Analysis: Could the U.S. delay Obamacare’s mandate for individuals, too?
By David Morgan
WASHINGTON (Reuters) – President Barack Obama can expect mounting pressure to make new concessions on healthcare reform, especially the requirement that all Americans obtain insurance, after delaying penalties for businesses for the first year of his plan.
The U.S. Treasury said late on Tuesday it would grant businesses with 50 or more workers a one-year reprieve from having to provide health coverage to full-time staff.
The move appeared to ease the concerns of major companies about being ready in time for a January 1 deadline. But it raised new questions on whether Obama’s signature domestic policy is unraveling or falling prey to fears about the Democratic Party’s election prospects next year.
“It does represent the inability of the administration to implement the law as planned,” said Robert Blendon of the Harvard School of Public Health. “The big question now is whether they’re still going to require individuals to pay a penalty if they don’t obtain coverage, if they’re not going to require it of businesses.”
Administration officials say the change affects less than 5 percent of businesses, as the overwhelming majority of employers already provide health coverage. But that could still involve as many as 10,000 businesses and hundreds of thousands of workers, according to reform advocates.
“It’s going to be really hard to impose the individual mandate without an employer mandate. And if you cut that, you could see the whole thing start to unravel,” said Katie Mahoney, executive director of the powerful U.S. Chamber of Commerce.
The individual mandate, which the U.S. Supreme Court upheld as constitutional a year ago after a lengthy legal battle, is the government’s only lever to compel young healthy people to sign up for federally subsidized coverage in new online health insurance marketplaces that are slated to begin enrolling new beneficiaries on October 1. If too few younger adults enroll, insurance costs could soar and jeopardize the entire reform effort.
Administration officials said a delay in the individual mandate was not under consideration, while former Obama advisers played down the significance of the employer mandate announcement on Tuesday.
“This decision isn’t a big deal. It won’t affect that many firms,” said Nancy-Ann DeParle, a former senior White House aide who was deeply involved in developing the healthcare law.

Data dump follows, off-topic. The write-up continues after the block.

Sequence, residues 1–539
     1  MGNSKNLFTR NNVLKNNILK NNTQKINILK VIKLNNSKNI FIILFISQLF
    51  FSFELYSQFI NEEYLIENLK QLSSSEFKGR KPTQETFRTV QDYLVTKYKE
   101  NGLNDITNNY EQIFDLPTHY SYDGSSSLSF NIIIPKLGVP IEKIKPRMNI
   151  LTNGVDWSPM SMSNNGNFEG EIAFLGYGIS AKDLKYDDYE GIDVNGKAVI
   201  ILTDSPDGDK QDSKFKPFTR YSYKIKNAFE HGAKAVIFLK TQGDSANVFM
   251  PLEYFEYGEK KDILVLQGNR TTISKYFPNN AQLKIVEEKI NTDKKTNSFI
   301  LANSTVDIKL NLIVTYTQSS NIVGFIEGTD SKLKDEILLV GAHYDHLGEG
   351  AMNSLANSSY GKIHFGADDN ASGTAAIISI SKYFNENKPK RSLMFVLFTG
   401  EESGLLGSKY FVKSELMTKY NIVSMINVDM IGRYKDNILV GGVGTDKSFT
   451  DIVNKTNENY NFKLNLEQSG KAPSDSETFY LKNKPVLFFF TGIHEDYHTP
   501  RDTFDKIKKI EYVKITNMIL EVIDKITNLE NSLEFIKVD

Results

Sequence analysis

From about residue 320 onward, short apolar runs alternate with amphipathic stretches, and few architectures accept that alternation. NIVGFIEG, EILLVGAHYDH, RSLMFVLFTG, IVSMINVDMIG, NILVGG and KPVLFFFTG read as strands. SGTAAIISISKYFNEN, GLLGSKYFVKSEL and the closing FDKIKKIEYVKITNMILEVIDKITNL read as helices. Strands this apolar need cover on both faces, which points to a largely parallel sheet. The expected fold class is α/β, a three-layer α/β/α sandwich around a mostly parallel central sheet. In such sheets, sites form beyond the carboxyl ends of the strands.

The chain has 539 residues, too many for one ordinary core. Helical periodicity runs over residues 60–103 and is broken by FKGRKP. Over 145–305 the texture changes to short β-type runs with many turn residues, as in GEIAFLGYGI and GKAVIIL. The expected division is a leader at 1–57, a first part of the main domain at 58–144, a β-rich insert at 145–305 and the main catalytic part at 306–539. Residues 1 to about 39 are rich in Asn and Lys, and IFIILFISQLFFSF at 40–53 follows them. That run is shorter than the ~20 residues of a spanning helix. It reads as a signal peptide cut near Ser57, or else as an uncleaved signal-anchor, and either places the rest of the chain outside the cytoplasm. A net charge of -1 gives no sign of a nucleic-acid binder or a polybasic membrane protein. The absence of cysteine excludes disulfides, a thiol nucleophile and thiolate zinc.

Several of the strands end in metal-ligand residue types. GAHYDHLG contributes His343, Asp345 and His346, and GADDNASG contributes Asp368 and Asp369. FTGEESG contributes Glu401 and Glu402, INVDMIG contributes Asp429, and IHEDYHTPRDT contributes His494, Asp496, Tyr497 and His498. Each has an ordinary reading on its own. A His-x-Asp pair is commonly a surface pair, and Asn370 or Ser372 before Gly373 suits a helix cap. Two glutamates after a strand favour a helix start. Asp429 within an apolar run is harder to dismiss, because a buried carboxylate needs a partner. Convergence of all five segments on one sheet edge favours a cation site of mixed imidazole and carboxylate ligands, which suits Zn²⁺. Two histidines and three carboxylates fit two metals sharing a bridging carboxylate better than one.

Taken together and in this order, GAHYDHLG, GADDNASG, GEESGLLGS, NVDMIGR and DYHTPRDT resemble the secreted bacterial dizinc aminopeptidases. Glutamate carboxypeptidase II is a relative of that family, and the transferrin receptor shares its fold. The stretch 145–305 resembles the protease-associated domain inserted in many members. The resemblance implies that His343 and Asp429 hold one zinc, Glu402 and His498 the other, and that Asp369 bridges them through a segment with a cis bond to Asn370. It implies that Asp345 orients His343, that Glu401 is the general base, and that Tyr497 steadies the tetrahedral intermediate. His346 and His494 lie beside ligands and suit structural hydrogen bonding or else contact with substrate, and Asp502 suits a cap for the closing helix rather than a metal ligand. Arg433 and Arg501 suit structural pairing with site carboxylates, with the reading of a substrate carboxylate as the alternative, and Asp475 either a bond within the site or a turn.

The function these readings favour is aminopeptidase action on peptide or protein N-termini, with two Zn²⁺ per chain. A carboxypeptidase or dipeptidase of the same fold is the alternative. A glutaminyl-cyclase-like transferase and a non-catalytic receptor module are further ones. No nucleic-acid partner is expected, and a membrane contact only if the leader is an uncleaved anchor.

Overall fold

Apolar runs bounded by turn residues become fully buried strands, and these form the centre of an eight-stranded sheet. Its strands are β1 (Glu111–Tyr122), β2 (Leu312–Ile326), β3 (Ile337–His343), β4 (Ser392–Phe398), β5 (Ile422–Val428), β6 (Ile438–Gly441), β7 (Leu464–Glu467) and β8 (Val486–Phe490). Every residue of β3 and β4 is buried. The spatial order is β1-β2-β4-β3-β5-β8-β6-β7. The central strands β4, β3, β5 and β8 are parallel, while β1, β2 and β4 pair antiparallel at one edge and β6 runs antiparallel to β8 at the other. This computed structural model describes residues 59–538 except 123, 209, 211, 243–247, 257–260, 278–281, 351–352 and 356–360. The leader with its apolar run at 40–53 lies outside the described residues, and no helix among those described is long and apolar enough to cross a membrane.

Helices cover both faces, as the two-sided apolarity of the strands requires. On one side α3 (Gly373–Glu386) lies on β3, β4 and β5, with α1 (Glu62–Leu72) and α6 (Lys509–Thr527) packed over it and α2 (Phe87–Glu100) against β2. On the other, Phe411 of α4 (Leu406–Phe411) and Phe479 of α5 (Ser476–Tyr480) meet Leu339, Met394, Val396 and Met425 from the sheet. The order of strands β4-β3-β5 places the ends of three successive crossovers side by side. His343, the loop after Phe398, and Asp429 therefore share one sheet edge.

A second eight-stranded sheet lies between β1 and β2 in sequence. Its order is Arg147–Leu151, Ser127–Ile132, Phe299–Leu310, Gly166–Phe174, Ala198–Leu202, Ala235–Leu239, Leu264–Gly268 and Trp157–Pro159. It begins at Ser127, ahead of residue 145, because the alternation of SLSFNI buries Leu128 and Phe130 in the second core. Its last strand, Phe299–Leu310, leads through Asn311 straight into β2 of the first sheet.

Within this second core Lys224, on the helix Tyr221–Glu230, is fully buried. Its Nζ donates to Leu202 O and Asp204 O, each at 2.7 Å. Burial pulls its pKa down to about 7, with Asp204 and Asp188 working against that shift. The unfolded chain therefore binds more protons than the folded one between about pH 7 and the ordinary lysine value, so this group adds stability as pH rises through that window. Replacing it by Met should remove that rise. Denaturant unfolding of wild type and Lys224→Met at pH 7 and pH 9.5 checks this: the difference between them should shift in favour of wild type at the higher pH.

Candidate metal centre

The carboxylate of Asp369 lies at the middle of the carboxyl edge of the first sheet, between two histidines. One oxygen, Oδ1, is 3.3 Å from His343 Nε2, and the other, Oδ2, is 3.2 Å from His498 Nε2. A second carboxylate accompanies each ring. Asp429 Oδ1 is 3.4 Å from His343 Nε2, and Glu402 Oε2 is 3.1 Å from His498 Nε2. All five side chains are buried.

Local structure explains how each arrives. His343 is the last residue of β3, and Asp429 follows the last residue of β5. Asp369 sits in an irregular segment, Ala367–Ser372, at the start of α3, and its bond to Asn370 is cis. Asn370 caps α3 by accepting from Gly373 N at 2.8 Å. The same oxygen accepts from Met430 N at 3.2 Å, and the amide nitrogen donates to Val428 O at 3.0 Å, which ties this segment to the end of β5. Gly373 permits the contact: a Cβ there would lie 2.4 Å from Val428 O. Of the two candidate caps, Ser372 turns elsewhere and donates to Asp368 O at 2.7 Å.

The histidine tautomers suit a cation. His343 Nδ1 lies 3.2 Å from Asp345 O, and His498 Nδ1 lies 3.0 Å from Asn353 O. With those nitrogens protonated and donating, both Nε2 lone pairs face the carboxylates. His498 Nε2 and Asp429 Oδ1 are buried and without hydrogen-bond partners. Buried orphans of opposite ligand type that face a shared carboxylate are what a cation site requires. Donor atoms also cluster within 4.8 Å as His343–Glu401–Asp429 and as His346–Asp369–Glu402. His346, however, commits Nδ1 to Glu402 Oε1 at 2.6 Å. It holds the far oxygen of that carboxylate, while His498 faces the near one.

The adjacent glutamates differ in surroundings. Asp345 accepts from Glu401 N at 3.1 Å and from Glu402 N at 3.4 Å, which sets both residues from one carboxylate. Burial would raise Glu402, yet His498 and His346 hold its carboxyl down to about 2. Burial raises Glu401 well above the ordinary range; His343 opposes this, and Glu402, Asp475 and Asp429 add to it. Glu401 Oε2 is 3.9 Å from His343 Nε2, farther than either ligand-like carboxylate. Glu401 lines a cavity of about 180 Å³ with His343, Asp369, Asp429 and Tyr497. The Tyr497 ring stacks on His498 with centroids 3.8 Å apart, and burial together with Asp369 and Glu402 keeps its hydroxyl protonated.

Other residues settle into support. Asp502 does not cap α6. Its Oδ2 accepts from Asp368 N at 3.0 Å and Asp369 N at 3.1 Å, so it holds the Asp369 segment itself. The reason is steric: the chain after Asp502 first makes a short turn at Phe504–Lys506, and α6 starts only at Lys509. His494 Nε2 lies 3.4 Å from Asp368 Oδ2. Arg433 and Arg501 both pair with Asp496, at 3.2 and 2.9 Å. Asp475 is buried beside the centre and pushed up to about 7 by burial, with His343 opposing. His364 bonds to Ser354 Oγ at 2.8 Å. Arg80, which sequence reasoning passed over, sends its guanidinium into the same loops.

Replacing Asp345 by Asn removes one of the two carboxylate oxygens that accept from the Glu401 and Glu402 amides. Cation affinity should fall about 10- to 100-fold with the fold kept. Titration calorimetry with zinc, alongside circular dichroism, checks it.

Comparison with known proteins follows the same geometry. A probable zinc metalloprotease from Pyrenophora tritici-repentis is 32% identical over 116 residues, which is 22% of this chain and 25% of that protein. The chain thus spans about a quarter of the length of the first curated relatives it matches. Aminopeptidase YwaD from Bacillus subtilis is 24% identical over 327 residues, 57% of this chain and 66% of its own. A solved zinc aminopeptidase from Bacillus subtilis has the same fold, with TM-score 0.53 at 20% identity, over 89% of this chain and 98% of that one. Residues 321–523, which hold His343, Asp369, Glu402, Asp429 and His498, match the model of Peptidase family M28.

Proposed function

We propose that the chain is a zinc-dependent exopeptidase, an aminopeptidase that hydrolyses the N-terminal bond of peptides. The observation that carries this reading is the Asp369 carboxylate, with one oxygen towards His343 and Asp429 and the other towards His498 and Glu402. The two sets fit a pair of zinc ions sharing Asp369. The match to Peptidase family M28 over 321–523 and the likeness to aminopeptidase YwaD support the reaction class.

“People will still have a responsibility to get covered and those who can’t get affordable coverage through their employers will be able to come to the new marketplaces and get it.”
STICK, OR CARROT?
The mandate for individuals takes effect next year and imposes a penalty, of either $95 or 1 percent of taxable household income, on Americans who have not obtained health insurance. It rises in phases to $695 per person, with a cap of 2.5 percent of household income, by 2016.
Administration officials insist that the bigger incentives for individuals to enroll are federal subsidies to buy insurance, and an expansion of the government’s Medicaid program for the poor set to take place in just under half of the 50 U.S. states in 2014.
But some business lobbyists and analysts said the White House ultimately may have little choice, as political rhetoric heats up ahead of the 2014 midterm elections, which will determine the makeup of Congress in the final years of Obama’s presidency.
Republican House of Representatives Speaker John Boehner called on the Obama administration to provide a similar reprieve to individuals. Analysts say opposition to Obamacare will only increase as the 2014 election campaign gets under way this fall.
“The administration doesn’t want to say the word, ‘mandate’. They want to say that people are going to be able to get affordable coverage,” said Joe Antos of the conservative American Enterprise Institute. He believes the administration will try to steer clear of the issue in the hopes that healthcare reform’s other incentives will win over voters.
“If we get to the end of the enrollment period next March, and the general feeling is that it wasn’t so bad and people didn’t have to pay an arm and a leg, then politically they’re O.K.”
(Additional reporting by Steve Holland; Editing by Michele Gershberg and Richard Chang)